This Sunday I received a tremendous gift. Just before the 8am service, Paul Andrews, the second son of Nigel Andrews (rector of our church in the 1960s and 70s), walked into Trinity Church. We had a brief conversation before the service began, during which Paul offered me the gift of Nigel’s communion kit. He said that while Nigel enjoyed Sunday morning worship, it was the pastoral act of bringing communion to Emerson Hospital or other bedside locations that held the deepest meaning for him. His communion kit was his best tool for his best work. It got a lot of use.
On a personal note, you may know that when Nigel left Trinity in 1979, he went to Narragansett, RI where he was my childhood priest for nearly a decade. I was both inspired by him and intimidated by him. I quickly learned to call him “Father Andrews” and never “Nigel” even while the twinkle in his eye let me know he didn’t really take himself that seriously. But he did take the priesthood seriously.
When I arrived here at Trinity and discovered I was to learn to be a priest at altars and pulpits previously occupied by Father Andrews I was very moved. Nigel died in January 2006, seven years before my ordination into the priesthood, but Connie Andrews gifted me with a long phone conversation in the middle of a day of unpacking my theological library into Nick’s old office.
Over the years, I enjoyed conversations and emails with Nigel and Connie’s three sons (Pete, Paul, and John), particularly last year when Connie died and joined Nigel in our Communion of Saints.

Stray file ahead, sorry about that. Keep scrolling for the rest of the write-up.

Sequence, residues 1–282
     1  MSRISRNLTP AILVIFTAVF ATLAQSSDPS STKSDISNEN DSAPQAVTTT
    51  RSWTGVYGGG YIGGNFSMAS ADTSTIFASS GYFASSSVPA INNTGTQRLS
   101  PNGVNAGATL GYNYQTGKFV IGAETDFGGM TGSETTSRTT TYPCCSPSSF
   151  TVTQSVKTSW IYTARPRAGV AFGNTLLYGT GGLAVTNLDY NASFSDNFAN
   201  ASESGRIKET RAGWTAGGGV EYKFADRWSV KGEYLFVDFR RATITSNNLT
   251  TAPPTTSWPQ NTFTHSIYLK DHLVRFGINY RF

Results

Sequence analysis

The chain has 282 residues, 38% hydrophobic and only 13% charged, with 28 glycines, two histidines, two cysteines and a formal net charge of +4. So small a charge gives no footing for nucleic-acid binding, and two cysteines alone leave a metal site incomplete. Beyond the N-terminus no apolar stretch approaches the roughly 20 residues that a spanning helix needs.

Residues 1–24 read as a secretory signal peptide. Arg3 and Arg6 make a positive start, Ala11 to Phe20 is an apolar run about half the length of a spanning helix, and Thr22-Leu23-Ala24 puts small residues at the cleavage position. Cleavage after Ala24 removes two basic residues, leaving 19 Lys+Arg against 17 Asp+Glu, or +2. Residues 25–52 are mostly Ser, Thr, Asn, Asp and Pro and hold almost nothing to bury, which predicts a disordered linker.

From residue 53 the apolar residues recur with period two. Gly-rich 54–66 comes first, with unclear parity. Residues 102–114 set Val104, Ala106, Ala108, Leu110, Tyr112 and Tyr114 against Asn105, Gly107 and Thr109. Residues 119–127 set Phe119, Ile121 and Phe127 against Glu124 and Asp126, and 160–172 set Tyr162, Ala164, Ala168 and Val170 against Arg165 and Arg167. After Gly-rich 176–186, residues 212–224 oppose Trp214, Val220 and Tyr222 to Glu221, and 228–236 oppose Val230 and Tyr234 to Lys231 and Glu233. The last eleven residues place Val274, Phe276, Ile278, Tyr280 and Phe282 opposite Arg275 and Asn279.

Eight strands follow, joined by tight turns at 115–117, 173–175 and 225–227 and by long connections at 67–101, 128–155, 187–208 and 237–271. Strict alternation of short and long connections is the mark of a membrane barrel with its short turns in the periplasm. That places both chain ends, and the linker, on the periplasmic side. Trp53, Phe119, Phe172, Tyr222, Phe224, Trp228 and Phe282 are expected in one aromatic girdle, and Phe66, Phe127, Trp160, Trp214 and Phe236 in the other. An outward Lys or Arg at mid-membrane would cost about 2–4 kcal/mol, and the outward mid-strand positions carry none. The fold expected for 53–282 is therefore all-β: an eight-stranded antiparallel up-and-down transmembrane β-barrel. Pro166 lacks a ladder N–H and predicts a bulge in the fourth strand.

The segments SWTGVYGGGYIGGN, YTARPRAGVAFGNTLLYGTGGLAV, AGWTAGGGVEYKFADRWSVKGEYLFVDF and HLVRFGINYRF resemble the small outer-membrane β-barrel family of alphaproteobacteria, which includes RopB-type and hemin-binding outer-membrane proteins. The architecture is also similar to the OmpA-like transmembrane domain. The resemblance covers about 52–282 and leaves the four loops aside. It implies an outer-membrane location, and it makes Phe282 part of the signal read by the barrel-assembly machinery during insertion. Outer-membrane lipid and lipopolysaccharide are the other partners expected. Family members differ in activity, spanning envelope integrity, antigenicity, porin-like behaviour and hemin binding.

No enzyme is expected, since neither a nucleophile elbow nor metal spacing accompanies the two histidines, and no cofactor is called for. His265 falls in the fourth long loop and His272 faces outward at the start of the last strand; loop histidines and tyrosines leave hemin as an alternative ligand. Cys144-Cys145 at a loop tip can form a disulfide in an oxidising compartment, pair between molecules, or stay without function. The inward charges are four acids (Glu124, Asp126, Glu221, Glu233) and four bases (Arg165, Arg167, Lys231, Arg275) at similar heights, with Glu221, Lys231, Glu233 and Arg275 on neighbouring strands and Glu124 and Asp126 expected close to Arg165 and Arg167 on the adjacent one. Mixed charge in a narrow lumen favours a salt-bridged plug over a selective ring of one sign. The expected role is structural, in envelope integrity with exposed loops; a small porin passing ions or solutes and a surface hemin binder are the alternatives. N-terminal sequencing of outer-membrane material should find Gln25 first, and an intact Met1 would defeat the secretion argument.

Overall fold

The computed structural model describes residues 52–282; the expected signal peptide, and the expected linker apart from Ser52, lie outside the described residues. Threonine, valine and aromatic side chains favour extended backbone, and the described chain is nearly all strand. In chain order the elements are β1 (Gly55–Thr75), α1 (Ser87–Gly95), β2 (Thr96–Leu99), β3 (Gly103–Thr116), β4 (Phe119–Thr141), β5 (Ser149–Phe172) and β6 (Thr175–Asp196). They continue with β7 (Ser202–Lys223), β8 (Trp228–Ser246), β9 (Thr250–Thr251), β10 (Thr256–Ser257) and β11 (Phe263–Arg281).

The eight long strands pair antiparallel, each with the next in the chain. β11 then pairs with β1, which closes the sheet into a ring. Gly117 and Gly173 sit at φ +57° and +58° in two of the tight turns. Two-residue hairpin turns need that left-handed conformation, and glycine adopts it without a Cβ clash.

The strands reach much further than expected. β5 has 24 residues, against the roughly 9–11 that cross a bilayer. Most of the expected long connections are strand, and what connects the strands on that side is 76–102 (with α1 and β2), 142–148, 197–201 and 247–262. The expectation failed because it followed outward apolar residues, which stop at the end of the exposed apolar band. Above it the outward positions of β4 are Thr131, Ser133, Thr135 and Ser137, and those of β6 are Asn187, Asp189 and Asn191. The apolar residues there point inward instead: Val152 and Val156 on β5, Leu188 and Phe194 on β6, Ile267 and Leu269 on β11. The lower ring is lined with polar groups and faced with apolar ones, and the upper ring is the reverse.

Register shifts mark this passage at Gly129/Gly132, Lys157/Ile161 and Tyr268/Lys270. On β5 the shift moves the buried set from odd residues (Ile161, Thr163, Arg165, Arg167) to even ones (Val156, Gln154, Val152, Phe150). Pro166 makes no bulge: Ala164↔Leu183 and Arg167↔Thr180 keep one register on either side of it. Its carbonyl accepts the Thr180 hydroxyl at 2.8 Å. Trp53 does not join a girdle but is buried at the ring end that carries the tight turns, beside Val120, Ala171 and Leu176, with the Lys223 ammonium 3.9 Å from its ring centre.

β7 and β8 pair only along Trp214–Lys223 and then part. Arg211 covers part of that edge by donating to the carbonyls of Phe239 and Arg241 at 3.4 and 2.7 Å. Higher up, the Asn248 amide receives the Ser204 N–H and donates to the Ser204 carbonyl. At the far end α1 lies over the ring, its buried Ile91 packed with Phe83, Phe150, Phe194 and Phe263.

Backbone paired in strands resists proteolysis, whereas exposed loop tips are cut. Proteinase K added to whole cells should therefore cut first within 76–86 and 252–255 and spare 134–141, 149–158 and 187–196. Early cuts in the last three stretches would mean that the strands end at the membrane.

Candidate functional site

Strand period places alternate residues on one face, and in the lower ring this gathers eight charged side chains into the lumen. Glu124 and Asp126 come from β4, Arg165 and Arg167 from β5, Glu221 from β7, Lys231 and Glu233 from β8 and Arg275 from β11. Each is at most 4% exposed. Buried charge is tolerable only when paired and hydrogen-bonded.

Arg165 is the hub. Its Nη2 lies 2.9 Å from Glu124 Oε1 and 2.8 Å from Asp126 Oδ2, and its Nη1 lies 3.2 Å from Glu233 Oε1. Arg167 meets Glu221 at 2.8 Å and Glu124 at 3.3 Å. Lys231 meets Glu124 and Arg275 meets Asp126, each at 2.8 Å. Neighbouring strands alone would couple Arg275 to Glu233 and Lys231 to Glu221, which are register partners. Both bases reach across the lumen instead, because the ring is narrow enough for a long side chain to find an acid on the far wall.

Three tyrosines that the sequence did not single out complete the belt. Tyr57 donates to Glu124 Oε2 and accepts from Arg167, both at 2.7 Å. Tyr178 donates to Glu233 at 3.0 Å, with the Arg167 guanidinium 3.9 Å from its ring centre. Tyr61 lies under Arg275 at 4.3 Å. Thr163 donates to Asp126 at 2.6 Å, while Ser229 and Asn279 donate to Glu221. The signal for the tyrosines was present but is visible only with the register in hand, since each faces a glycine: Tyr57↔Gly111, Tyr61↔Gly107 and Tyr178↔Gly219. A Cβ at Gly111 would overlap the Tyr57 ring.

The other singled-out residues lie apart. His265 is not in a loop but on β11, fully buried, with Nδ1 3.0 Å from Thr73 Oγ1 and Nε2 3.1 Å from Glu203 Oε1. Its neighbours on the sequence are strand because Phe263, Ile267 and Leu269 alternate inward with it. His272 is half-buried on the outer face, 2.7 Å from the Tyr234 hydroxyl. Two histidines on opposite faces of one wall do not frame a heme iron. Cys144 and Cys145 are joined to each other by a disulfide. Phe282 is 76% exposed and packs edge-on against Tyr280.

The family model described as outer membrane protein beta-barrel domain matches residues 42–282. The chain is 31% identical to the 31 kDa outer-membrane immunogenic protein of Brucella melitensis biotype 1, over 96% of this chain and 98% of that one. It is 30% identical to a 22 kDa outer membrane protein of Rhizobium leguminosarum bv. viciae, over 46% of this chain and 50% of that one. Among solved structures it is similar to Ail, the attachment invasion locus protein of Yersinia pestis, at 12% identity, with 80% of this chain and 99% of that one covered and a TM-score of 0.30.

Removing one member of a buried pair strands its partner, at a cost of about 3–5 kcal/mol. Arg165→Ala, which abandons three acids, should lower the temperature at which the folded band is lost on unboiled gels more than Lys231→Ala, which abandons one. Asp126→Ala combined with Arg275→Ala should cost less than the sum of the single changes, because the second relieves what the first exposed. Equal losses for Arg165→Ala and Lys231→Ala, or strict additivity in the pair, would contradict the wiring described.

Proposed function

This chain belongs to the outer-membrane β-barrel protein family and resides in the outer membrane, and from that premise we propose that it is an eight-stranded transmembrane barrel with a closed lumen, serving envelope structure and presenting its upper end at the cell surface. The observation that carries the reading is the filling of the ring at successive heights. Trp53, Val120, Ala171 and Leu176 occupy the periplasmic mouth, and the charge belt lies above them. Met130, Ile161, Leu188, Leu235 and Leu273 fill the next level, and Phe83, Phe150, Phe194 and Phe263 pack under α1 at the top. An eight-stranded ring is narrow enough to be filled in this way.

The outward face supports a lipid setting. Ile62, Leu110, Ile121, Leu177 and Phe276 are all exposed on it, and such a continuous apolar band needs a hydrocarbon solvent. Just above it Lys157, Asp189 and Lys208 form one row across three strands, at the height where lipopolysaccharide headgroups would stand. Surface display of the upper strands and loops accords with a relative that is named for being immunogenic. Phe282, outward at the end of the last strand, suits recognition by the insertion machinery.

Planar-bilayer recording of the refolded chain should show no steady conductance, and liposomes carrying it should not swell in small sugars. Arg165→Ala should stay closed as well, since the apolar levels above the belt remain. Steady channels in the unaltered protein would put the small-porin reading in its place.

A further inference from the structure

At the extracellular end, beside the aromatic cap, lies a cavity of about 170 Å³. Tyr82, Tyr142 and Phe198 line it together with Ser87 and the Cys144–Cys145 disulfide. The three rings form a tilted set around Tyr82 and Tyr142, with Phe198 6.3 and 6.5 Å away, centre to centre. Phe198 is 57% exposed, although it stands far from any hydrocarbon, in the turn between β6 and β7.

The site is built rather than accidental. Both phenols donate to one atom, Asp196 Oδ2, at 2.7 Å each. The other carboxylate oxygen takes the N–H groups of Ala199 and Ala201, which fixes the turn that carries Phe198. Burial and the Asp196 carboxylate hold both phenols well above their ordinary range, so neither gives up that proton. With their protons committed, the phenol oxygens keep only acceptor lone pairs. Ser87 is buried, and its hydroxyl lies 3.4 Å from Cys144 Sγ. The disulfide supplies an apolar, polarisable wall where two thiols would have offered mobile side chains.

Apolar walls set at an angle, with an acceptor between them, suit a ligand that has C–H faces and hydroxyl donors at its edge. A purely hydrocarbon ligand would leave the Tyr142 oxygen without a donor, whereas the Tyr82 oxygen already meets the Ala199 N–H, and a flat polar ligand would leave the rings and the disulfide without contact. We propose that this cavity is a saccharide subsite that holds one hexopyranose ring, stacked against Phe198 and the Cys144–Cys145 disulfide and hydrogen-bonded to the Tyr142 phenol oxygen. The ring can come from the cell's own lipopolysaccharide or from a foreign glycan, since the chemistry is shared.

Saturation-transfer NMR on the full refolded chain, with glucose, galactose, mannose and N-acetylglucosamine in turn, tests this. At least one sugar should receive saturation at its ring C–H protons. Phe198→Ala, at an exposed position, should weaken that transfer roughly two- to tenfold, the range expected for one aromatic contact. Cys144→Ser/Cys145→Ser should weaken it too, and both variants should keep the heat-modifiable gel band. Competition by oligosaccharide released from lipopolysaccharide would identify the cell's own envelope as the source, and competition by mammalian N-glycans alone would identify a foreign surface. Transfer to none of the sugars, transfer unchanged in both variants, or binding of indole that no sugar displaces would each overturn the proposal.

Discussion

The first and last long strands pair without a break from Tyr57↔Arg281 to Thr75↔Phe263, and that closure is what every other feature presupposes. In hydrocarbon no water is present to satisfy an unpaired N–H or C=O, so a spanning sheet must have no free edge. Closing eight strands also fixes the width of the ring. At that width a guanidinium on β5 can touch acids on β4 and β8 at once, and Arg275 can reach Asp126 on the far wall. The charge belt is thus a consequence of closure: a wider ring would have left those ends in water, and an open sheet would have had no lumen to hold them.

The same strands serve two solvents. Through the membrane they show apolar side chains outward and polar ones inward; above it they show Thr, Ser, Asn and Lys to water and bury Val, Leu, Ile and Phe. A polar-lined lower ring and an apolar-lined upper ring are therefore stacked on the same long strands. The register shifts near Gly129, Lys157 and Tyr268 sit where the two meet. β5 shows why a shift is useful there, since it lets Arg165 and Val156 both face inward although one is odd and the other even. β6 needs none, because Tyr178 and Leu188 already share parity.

Many priests have their own communion kits. I do not. While I’ve always wanted one, they are expensive and Trinity has a generous supply of kits for use by our LEVs and clergy, so I haven’t really needed one. I had no idea that I was just waiting for Nigel’s kit to come my way.
On Sunday night I opened the kit. A sticky-note in the cover said, “This contains consecrated elements and is to be kept in the Aumbrey ~NLA”. I left the note where it was, gently moved aside the yellowed linens, and looked down at the small silver chalice.
Immediately my heart swelled. The chalice was sticky with wine. I carefully looked in the bread tin; a single communion wafer remained. The covered wine vessel also was a quarter full of thick wine. The kit was last used over a decade ago, and the sacred messiness of it brought me to tears, as if I’d entered the catacomb of Christ. Body and Blood, blessed and real.
I am overcome by the ways in which the Holy Spirit connects us. On Sunday, at 8am, Nigel’s son, Paul, listened as I spoke of the youth who would be preaching at the 10am service; their message being that we ought to not just hear them, but listen to them and to one another lest we miss out on God speaking in our midst. Paul later wrote to me of the poignancy of our youth in the pulpit 45 years after his father’s ministry in this place, listening to kids at all cost. He told me his father would be thrilled by this snapshot of Trinity today.
Oh, how the Spirit connects us through time and word and Sacrament!
I will clean the communion kit. It will be a sacramental act of love and gratitude. I am blessed to have been given not just this sacred object, but the opportunity to prepare it for its new life among us once again.